• Cyan says:

    I hereby adopt this fine fellow's philosophy, and deduce the following syllogism:
    "I agree with the mathematical and predictive correctness of both the Special and the General Theory of Relativity."
    " motion in spacetime..."
    Therefore, you can't blame me for not getting out of bed this morning.

  • Davis says:

    ""Time is nature's way of keeping everything from happening all at once."

    I can't resist adding "Space is nature's way of keeping everything from happening to me."

  • nik says:

    I must say that I take issue with comparing some quacks rubbish to Russell's paradox. Russell's paradox was important because many people did not realize the possible limitations of a naive set theory and, importantly, it was relatively simple to explain and understand. This is important for any sort "paradox" or proof by contradiction, because any kind of convoluted mess may seem to lead to a paradox if it is confusing enough. Anachronistically, one might term "Russell's paradox" as "Russell's proof of the non-existence of certain sets." Of course, the latter is probably too much a mouthful.

  • hexatron says:

    A day late and a dollar short:
    I (and a co-worker) once spent a few hours vainly trying to convince an artist we worked with that "3-dimensional" did not mean "has another side".
    His peculiar definition worked for him (if something is 3-dimensional, it has a backside. Otherwise, you can only see it from the front.)
    He was a quite excellent artist. Flexible too--he adapted easily to painting on a computer in the 1970s (when all this occured). But he denied that "3-dimensional" computer graphics was actually 3-dimensional, because it was still flat art on a monitor (it had no "other side").

  • Re: #25: "'3-dimensional' did not mean 'has another side'."
    How many dimensions does a rainbow have?
    By the way, Isaac Newton did write about there being two different measures of time, a global T and a local t, noted that Dt/dT = 1, said there was something here worth getting back to, but never got back to it.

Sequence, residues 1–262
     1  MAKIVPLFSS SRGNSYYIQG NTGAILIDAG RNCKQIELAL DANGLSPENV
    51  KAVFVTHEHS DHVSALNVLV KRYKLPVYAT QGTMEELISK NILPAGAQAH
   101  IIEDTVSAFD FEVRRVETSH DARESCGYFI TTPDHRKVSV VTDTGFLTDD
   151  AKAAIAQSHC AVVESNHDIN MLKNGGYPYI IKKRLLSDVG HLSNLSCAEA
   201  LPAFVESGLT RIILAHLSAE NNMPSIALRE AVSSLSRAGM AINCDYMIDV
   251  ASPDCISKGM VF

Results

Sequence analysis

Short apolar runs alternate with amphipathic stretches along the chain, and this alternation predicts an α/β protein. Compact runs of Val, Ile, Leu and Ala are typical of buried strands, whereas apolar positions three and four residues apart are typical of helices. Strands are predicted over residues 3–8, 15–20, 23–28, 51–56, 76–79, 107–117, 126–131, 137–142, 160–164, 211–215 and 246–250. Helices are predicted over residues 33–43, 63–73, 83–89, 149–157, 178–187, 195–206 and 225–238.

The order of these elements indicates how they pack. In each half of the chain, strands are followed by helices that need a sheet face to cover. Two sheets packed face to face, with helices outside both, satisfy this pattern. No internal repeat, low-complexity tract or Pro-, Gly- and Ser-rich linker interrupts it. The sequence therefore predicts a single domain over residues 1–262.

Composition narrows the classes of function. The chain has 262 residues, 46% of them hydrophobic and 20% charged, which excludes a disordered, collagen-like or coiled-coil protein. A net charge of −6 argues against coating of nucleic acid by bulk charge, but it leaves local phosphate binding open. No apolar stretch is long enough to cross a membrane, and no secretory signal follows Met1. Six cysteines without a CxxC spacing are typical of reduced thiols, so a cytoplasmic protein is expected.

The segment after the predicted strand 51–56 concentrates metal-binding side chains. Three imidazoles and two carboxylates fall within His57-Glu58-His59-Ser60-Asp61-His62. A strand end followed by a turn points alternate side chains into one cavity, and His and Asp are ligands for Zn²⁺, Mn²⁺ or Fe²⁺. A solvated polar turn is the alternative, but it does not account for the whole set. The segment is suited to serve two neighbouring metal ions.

Sorry I can't give you a citation. I'm spoken with top Newton Hisorians, and top Physicists about Newton, but don't claim such expertise myself.
    On a personal note, prefer not to go into details:
    I've just returned from 9 days in hospital for emergency major surgery and complication thereafter. 4 inches of small intestine with necrosis had to be removed in surgery, and the shortened healthy
    intestine stitched back together -- BOWL RESECTION -- two incisions, now closed with 40 staples.
    The pain level was far, far higher than my previous experience (motorcycle accident with two fractured wrists). Takes a professional torturer to go higher, as this is the threshold of pain-induced loss of consciousness.
    Then came the postsurgical complications.
    I was on Dilaudid, a narcotic, for the extreme pain. Problem is, narcotics and surgical handling both push the intestine into a condition called "ileus" -- paralysis of the bowel.
    One's perception of time is altered by unbearable agony, and the immanent possibility of death. I could have started to slide to death immediately had gangrenous tissue not been timely removed; I could also have begun a gradual descent into being too weak, through non-nutrition, to risk follow-up surgery.
    The literature on ileus (now that I'm home, after 9 days without internet, the longest gap by far in 15 years) I've been reading PDFs like crazy found by GoogleScholar, is that there is no true consensus on causes diagnosis nor treatment of ileus. I am a scientist. I publish Mathematical Biology and Complex Systems theory. So, officially, I am now coauthoring a peper with the surgeon who saved my life. I prefer not to go into detail on that either, in this venue.
    Bottom line:
    (1) psychology of perception and state of consciousness strongly linked to psychology of time.
    (2) The unexamined life is not worth living; which, to a Mathematician, Physicist, or Biologist, means applying everything you have including science to one's own circumstances.
    Thank you for allowing me this personal intrusion. Please understand if I am limited in reply, as there is a lot to catch up on after such an interruption to an already-overloaded schedule. Had to un-register for a graduate school quarter (my night classes towards full-time public school teaching credentials). Literally lost my job over this emergency : I was almost done with my first full day on a full-time High school teaching gig when I had to have another teacher cover the last 2 of 8 classes, rush to school nurse (though was appendicitis), the primary care physician (same mis-diagnosis, then hideously wrong treatment), then emergency room. Next day, I was replaced. Financial emergency now ensues, before the bill arrives for 10% co-pay on Blue Cross for 9 days at major hospital with surgical team and all. No assets to tap. No seconday supplemental insurance (i.e. AFLAC). Oh, wait a minute, the insurance crisis was another thread.